The elephant in the room regarding Harden's skill set is that he is officiated differently than any other player: he is allowed to travel, he is permitted to push off on his drives and he is bailed out with foul calls on jump shots when he initiates contact with defensive players by making movements that are not part of a natural shooting motion. I always thought that Reggie Miller should have gotten a technical foul every time he kicked his leg out to the side while shooting a jump shot and I feel the same way about Harden's various contortions. If an offensive player deviates from a normal shooting motion and the defensive player maintains verticality without swiping down then the defensive player should not be hit with a foul; there should be no call, or the offensive player should be called for a foul.

When considering 1) Dominance, 2) Versatility as a scorer/passer, 3) Longevity/consistency, 4) Efficiency and 5) Skill set (maximum amount of strengths/minimal amount of weaknesses), it is apparent that Harden is not even close to being the best offensive player of all-time. Players who are superior to Harden include but are not limited to Wilt Chamberlain, Oscar Robertson, Kareem Abdul-Jabbar, Michael Jordan, Kobe Bryant and LeBron James.

When considering the high variance nature of Harden's game and the liberties that he is granted by officials, Harden's style of play may be the most "offensive" ever, but that is not quite what Morey meant.

Labels: , , , , , ,

posted by David Friedman @ 10:35 PM



At Sunday, January 06, 2019 10:34:00 AM, Blogger Nick said...


I agree with basically all of that*, and I would mention a few additional players as clearly better offensive players than Harden:

*Though the historian in me must quibble that Kareem's shot was not *quite* unblockable. I have personally seen at least Hakeem, Wilt, Nate Thurmond, and Ralph Sampson block it, and I have read accounts of Artis Gilmore and Connie Hawkins blocking it as well. Still, if only four of the greatest ten defensive centers ever, one of the greatest leapers ever, and a guy who's 7'4 can block your shot, it's pretty damn good.

Steph Curry:

Harden is currently averaging a career high 33.7 on .618 true shooting percentage. Even putting aside Curry's additive effect on his team's offense (more on this in a moment), in his best season he averaged 30.1 points on .669 true shooting. Put another way, he scored 3.6 fewer points on two fewer shots and five and a half fewer free throw attempts . Even if you limit yourself purely to "analytics," Curry beats Harden in efficiency while approximating his scoring (their career scoring averages are within 0.1 points while Curry's career TS% is .623 to Harden's .609).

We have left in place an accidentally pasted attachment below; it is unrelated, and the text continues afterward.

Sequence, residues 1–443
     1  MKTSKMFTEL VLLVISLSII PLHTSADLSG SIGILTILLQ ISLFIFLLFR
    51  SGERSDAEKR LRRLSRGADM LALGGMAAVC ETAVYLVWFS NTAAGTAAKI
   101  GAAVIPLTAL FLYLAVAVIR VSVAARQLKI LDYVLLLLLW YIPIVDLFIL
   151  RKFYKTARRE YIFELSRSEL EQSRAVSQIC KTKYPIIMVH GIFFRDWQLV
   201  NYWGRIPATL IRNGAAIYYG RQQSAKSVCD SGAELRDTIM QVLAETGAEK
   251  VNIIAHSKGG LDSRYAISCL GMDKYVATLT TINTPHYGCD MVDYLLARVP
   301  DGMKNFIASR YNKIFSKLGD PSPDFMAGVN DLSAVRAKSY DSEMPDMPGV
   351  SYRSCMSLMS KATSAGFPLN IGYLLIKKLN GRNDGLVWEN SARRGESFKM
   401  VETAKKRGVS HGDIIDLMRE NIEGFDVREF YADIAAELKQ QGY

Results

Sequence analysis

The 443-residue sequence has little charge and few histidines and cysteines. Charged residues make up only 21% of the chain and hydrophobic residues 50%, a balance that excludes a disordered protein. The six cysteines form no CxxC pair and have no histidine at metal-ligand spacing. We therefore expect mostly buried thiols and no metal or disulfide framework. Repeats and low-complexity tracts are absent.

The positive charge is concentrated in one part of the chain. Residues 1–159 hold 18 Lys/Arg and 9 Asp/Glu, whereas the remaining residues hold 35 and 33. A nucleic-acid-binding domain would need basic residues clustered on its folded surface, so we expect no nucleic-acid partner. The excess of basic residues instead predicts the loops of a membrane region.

This of course comes before factoring in the effect of Curry's spacing, off-ball movement, and range, which makes him an additive offensive element even when he does not have the ball. There is no one stat that adequately captures this, but let's consider this: Curry's Warriors have been statistically the best offense in the league three of the five seasons (the others they were 2nd and 3rd respectively). Harden's Rockets have been the league's top offense only once (last season, when Curry happened to miss 31 games) and top 5 only three times.

Using another analytic tool, Harden's current pace, in the unlikely event he maintains it for a full season, would give him the third highest Offensive Box Plus Minus of all-time... but he'd still trail Curry's 2016 season (first all time) by a full two points. Additionally, Curry also has the fourth best OBPM season ever, while Harden's next highest is 10th (Curry's third highest is 11th).This despite Curry playing with superior offensive help, which generally mutes those numbers (the second best OBPM season ever, for instance, is Westbrook's 2017 one man show).